In our most recent workshops, we have been asking librarians for their thoughts and advice on the criteria for membership within the OBC, its governance model, its offerings and business model, its community standards, its technical aspects, its web platform, or any other aspect of the OBC they want to discuss that we haven’t thought of in advance.

[…]

 

Responding to Open Access Needs: The OBC Position | Community-led Open Publication Infrastructures for Monographs (COPIM)

We created the Open Book Collective (OBC) (described in more detailed here) as part of the COPIM project, which is all about researching, establishing, and meeting the needs of a more sustainable, equitable OA book landscape. COPIM is an international partnership of OA publishers, academic librarians and researchers committed to a sustainable, equitable and diverse future for OA books. All of our research outputs related to the development of the OBC, including details of the methods we used to reach our findings, can be found via the tags on this Pubpub site and at our Zenodo page.

In what follows, we provide a short distillation on our work, presenting some of the reasons why we believe that the OBC is needed, as well as looking at some of the ways it will address those needs.

 

How the Open Book Collective works | Community-led Open Publication Infrastructures for Monographs (COPIM)

by Livy Onalee Snyder and Joe Deville

The Open Book Collective (OBC) is a non-profit membership organization that brings together Open Access (OA) publishers, service providers, librarians, and other supporters to collectively bring about a fairer, more sustainable model of open book publishing.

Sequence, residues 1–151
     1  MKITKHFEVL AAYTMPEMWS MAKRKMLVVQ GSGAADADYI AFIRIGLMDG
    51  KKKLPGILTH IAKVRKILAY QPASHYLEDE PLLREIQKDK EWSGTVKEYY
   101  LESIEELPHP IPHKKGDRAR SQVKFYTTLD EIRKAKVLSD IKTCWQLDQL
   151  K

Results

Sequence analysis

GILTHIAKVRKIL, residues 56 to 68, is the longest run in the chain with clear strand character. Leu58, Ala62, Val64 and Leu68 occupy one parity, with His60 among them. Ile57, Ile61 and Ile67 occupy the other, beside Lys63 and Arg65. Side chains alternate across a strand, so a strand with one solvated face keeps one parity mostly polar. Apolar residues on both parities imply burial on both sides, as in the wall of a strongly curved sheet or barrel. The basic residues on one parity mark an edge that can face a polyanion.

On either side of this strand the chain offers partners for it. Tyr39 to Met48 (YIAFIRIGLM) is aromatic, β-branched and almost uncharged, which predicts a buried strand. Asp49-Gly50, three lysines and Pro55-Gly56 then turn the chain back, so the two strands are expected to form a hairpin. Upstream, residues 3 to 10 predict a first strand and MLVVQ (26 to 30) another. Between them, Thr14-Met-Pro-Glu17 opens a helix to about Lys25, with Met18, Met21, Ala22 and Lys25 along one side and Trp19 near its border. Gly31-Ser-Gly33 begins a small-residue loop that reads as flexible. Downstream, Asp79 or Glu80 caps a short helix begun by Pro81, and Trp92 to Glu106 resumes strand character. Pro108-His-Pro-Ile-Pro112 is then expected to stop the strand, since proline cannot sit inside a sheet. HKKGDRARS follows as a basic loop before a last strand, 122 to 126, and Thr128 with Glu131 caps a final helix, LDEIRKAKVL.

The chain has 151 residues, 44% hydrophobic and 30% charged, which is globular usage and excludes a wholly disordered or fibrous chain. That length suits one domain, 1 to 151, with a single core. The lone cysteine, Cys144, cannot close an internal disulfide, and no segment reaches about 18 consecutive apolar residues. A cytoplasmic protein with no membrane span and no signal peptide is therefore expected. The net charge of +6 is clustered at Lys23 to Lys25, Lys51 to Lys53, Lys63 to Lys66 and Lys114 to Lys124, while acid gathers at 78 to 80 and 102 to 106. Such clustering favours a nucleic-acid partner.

Through the OBC’s online platform, publishers and service providers offer individual and collective membership packages which libraries and other potential supporters can pay to join.

[…]

 

Say Hello to The Open Book Collective! | LJ infoDOCKET

From COPIM:

Within the COPIM project (Community-Led Open Publication Infrastructures for Monographs), we have been working to address the challenges of funding Open Access (OA) book publishing. Our particular focus is on how to make it easier for academic libraries to support OA publishers and publishing service providers, thinking beyond Book Processing Charges. We are very pleased to announce that one of the main outcomes of this work will soon be launched:

The collective will bring together OA publishers, OA publishing service providers, libraries, and other research institutions to create a new, mutually supportive ecosystem for the thriving of OA book publishing. At the heart of the work of the Open Book Collective (OBC) will be a new platform. This platform will make it far quicker and easier for libraries and others to financially support different OA publishers and service providers via membership offerings.

Introducing the Open Book Collective | Community-Led Open Publication Infrastructures for Monographs (COPIM)

Within the COPIM project (Community-Led Open Publication Infrastructures for Monographs), we have been working to address the challenges of funding Open Access (OA) book publishing. Our particular focus is on how to make it easier for academic libraries to support OA publishers and publishing service providers, thinking beyond Book Processing Charges. We are very pleased to announce that one of the main outcomes of this work will soon be launched:

The Open Book Collective.

The collective will bring together OA publishers, OA publishing service providers, libraries, and other research institutions to create a new, mutually supportive ecosystem for the thriving of OA book publishing. At the heart of the work of the Open Book Collective (OBC) will be a new platform. This platform will make it far quicker and easier for libraries and others to financially support different OA publishers and service providers via membership offerings.